graphein: Character Encoding and Filename Suffixes

1. Character Encoding and Filename Suffixes

The underlying character mapping is Unicode/ISO10646, in some undefined but sufficiently modern version. The encoding of this mapping is UTF-8, which is backward compatible with 7-bit ASCII.

Filename suffixes are not necessary in Linux systems, but they are handy both for automatic processing by the make utility and for human recognition.

In theory, there exist three major categories of possible types of filename suffixes:

A. Those indicating character encoding, e.g:

B. Those indicating content meta-markup, e.g.:

C. Those indicating markup language, e.g.:

Since everything here is UTF-8 encoded Unicode/ISO10646 (including the backwards-compatible 7-bit ASCII encoding), suffixes which indicate character encoding are not useful (they'd all be something like " .utf8").

Since all meta-encoding here is XML, and since it is most useful to distinguish between various XML-defined markup languages (e.g., TEI, HTML), suffixes which indicate content meta-markup are not useful.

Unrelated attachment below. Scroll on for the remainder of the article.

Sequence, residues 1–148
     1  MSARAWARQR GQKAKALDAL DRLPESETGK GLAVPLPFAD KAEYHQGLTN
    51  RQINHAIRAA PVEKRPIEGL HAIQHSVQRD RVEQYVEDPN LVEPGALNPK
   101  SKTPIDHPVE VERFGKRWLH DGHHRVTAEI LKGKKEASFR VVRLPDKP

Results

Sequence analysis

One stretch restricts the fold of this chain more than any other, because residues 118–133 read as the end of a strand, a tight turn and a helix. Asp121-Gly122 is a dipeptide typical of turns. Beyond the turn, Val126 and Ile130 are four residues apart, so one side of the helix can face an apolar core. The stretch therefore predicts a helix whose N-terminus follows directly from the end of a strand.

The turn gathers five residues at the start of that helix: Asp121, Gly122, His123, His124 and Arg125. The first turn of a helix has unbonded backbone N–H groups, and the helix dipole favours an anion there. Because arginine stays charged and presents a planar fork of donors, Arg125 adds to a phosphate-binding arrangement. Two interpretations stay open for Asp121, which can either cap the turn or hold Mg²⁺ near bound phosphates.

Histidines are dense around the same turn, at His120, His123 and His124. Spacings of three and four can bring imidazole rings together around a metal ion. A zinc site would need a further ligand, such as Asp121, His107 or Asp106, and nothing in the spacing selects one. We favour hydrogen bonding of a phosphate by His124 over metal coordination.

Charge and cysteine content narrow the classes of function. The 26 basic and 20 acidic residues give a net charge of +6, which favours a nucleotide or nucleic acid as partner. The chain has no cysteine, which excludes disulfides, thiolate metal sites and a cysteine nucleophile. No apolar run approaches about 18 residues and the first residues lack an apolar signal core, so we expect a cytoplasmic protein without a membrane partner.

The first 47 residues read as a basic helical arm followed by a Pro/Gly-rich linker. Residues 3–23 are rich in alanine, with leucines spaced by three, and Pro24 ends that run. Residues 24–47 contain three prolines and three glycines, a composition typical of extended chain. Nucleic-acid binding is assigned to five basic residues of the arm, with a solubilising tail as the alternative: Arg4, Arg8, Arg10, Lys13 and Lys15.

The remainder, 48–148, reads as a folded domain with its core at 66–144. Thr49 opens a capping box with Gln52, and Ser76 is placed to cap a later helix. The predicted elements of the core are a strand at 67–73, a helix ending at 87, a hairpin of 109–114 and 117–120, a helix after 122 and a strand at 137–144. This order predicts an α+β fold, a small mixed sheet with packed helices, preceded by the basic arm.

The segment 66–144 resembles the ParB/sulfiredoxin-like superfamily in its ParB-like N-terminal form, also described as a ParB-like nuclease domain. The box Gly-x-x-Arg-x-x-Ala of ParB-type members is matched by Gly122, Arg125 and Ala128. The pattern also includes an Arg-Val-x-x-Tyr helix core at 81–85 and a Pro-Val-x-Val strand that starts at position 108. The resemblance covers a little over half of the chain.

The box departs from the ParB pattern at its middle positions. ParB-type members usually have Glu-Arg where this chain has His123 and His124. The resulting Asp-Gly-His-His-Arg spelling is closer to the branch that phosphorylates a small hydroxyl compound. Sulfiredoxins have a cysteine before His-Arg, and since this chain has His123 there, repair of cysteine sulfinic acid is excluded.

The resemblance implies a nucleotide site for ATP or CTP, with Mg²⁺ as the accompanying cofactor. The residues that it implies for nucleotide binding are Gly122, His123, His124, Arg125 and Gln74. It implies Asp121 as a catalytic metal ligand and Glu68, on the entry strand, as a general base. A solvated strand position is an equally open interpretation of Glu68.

Filename suffixes here will, therefore, indicate the content markup language (or dominant content markup language, if two are used (for example, via XML Namespaces)). The suffixes used are:

1. For source files (delete these and lose work):

2. Several of the file types noted above may be either handwritten or defined in gMLP (and thus generated). If the latter, but only if the latter, they may be deleted at will. Be careful. The following types, listed also above, are often defined in gMLP:

3. For generated intermediate files (may be deleted at will):

Note however that VARKON .MBS files, HTML files, and PDF files imported from other sources may be original documents and would be lost if deleted.

4, 5. Exceptions:

4. The following filenames (of source files; do not delete) by convention (sometimes a general convention, sometimes just my own) do not take suffixes:

5. Directory names do not take suffixes.

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